Lastly, animal populations in pre-agricultural times were far greater than those of today. Their sheer numbers would suggest that humans took advantage of this plentiful and nutritious food source.

  19. One thing that was striking to me about GCBC is that it primarily addresses the sedentary population or at best the “acquainted with the treadmill a few times a week” population (which makes sense, since that describes the majority of Americans and no doubt the majority of study populations drawn from the American public). However, I’m interested in whether Mr. Taubes came across any material more relevant to an athletic population while researching his book, particularly athletes in activities other than endurance sports (e.g. team sports, sprinters, etc.) — I think the studies discussing low-carb endurance performance have been pretty well covered in the blogosphere. If he had any educated analysis to share that would be great, but raw citations would also be awesome.
    I’d also be curious about whether Mr. Taubes has any gut feelings (or informed opinions) on whether phenotype or activity pattern makes more of a difference to those people who feel and/or perform better on higher or lower carb macronutrient ratios.

  20. In response to Byron and others:
    Carbohydrates as a macronutrient had nothing to do with increased “brain power.” There isn’t any magical power that carbohydrates hold to turn us from brutes into geniuses.
    Civilization occurred from Hunter-gatherer tribes because of sustained population explosion. Population explosion was generated by growable carbohydrates, ie agriculture. It led to a massive increase in consumable calories. Previously, as a hunter-gatherer, human population was extremely limited because of available calories. If they didn’t kill it or gather it, they didn’t eat it. Rather, they starved.
    Hunter-gatherers were simple folk. They didn’t need technology or the “advances” of civilization because they had all they needed. It’s how humans evolved. It worked for us.
    Contrast that with civilization – now that you have agriculture, you need technology and written language to construct and regulate irrigation, calendars and mathematics and astronomy to estimate crop harvest times, crop yields, etc. People don’t have to actually go out and kill animals anymore, because there is plenty of food. The civilized people were free to specialize into a role that was needed.
    It was agriculture and the transformation of the human from hunter-gatherer to civilian that caused the rapid advance of technology and “brain power.”

  21. One more comment on heart palpitations for people who combine low-carb eating with the consumption of alcoholic beverages.
    It has been known for years that alcohol consumption temporarily prevents gluconeogenesis, e.g., the production of glucose by the liver. This process, is, of course, an especially important backup system for keeping blood sugar in normal ranges for people on a low carb diet. The low-carber is thus more likely to experience low blood sugar -> high adrenalin -> heart palpitations after consuming alcohol.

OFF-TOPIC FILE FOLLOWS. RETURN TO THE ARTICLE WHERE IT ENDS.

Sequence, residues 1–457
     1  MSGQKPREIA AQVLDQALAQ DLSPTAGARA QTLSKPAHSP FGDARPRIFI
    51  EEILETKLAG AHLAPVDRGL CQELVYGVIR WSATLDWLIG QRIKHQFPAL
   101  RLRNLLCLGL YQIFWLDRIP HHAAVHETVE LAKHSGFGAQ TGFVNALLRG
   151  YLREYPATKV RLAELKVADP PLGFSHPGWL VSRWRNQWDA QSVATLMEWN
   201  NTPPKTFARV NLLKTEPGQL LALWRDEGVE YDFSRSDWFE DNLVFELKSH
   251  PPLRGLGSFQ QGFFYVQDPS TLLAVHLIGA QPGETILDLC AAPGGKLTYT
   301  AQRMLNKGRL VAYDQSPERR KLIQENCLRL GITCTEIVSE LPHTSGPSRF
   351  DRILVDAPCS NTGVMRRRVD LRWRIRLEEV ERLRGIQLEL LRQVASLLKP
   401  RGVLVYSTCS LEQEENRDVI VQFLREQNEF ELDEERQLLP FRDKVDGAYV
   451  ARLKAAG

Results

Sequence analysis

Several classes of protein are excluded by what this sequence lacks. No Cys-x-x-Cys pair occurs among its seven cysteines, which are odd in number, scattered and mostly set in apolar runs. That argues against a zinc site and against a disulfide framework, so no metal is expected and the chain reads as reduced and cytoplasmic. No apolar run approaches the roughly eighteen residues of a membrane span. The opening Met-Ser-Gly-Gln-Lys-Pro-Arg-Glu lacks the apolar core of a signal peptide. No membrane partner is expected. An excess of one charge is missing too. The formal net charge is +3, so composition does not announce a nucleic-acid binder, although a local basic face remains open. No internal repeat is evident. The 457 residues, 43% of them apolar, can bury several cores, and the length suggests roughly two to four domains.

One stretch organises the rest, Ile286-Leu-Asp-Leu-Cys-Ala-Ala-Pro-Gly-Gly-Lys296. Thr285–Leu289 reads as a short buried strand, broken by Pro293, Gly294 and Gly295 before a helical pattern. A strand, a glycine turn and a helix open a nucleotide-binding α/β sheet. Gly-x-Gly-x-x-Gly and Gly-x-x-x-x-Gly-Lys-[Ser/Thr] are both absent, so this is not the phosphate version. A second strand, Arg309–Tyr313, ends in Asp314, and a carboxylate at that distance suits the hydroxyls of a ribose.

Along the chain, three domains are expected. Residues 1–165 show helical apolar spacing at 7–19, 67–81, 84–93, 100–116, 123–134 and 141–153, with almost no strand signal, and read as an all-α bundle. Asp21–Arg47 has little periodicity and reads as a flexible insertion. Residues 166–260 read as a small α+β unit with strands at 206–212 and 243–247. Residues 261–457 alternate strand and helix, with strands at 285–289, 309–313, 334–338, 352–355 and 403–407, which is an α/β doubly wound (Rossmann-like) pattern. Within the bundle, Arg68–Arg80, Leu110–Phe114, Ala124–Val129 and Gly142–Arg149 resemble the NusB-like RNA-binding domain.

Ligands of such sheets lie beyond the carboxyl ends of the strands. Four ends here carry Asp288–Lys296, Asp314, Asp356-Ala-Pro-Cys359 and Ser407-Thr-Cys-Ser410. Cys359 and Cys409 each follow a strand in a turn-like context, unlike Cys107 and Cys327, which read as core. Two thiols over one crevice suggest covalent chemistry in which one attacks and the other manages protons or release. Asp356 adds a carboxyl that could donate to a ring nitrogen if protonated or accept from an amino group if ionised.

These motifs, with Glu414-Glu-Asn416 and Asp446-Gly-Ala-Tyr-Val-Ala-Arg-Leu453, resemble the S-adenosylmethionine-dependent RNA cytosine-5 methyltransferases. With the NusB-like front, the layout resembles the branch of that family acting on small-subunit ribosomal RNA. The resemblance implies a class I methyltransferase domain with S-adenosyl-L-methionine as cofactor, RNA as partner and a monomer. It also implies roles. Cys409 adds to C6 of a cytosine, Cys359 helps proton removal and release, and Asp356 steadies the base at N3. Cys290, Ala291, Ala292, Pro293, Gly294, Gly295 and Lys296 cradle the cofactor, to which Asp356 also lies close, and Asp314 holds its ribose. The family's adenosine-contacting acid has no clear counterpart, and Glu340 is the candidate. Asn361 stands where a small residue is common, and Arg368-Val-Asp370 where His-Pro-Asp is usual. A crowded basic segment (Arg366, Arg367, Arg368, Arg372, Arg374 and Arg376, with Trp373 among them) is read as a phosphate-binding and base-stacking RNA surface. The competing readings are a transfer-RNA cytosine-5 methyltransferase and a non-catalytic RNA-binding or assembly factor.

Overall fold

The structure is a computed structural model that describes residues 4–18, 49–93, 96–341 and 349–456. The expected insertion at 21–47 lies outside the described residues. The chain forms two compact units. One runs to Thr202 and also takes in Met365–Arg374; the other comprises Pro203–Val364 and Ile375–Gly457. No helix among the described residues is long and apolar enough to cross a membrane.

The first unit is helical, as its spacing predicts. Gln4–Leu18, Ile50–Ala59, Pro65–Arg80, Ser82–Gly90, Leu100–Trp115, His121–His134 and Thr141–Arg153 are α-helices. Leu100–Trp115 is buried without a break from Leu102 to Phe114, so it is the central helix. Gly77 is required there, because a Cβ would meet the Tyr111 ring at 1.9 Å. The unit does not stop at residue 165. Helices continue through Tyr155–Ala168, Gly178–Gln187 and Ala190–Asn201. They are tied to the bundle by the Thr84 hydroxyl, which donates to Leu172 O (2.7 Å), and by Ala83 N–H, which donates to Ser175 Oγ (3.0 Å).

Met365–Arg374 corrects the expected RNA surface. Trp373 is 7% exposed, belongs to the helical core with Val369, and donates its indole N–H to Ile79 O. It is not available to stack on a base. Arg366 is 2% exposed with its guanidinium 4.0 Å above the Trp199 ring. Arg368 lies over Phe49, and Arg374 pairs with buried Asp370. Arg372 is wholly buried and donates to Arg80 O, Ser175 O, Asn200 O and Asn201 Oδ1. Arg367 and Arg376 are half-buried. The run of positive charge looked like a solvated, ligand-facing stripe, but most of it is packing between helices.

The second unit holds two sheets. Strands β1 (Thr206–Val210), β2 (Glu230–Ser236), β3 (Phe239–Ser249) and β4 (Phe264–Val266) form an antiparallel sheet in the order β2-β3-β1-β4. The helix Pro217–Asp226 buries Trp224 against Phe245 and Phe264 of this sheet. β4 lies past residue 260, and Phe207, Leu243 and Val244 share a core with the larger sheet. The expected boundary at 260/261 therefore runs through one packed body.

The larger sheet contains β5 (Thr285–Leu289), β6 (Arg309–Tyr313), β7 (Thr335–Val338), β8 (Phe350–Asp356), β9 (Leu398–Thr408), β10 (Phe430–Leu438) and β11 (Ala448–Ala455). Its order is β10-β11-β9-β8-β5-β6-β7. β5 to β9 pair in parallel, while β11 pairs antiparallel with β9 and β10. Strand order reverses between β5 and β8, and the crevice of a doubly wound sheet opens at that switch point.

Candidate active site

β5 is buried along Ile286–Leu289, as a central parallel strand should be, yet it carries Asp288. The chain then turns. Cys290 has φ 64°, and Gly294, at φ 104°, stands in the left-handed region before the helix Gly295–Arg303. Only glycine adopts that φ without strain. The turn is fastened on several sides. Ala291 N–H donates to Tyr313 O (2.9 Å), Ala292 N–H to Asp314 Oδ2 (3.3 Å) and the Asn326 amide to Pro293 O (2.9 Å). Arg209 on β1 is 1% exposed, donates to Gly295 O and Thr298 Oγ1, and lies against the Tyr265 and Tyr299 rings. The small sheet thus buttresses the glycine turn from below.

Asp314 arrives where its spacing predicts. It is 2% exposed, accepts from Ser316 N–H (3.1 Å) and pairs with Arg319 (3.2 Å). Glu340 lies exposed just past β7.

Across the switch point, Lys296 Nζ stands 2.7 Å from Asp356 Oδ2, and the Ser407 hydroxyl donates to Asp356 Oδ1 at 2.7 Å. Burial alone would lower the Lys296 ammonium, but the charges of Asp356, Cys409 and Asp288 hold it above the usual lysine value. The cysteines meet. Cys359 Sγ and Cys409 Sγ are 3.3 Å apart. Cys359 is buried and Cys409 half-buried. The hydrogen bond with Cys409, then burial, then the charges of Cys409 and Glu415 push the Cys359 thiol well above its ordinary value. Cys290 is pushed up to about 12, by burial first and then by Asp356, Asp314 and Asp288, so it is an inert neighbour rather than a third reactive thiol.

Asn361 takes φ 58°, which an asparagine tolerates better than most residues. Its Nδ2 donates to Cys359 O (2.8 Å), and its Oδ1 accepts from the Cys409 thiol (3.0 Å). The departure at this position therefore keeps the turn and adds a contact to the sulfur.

22. If calories are not the issue and carbohydrates, by virtue of their effect on hormonal tone are the main cause of obesity, would eating 1,000 calories more than your base metabolic rate of pure fat meat cause fat gain?

  23. It’s been a long time since I have seriously studied human paleontology (grad classes about 25 years ago), but I’d like to add that it’s amazing how much can be determined regarding diet based on studying the dentition of human fossils.
    The size, shape, and wear patterns of the teeth can show whether the diet of the specimen was primarily hard seeds and vegetable matter that needed to be ground up before being eaten, as opposed to different patterns that are evident in meat eaters.
    It’s good to study modern-day hunter-gatherers and then try to extrapolate what early humans ate, but it’s the dentition that really tells the story.

  24. What would cause a person with reactive hypoglycemia to progress on to type II diabetes even while doing extremely low-carb? Eating too much protein? Eating too often?
    None of the things mentioned should cause the problem. I would suspect a problem with the beta cells themselves.

  25. Stargazey,
    May I suggest you read Jenny’s excellent Blood Sugar 101 site? She has a lot of info on the multiple causes of diabetes that have identified (and unidentified but suspected) and lumped into the catch-all term “Type II”.
    Some folks don’t have type II at all, but later and slower developing forms of Type I and 1.5 DM. Often their doctors don’t even know the difference, especially primary care doctors who are not up to date and still using what they learned in medical school. There are different treatment protocols for some of these “not really II” types so it’s important to to have the underlying reason for the diabetes identified to get the right treatment.
    www dot bloodsugar101 dot com (replace dot with . and remove the spaces)

  26. Well this one is tad bit late but here goes:
    Would Gary research in a future project the science behind cancer? The chapter in the book is interesting but I wonder what he can achieve if he puts the same kind of effort as that in obesity and heart disease.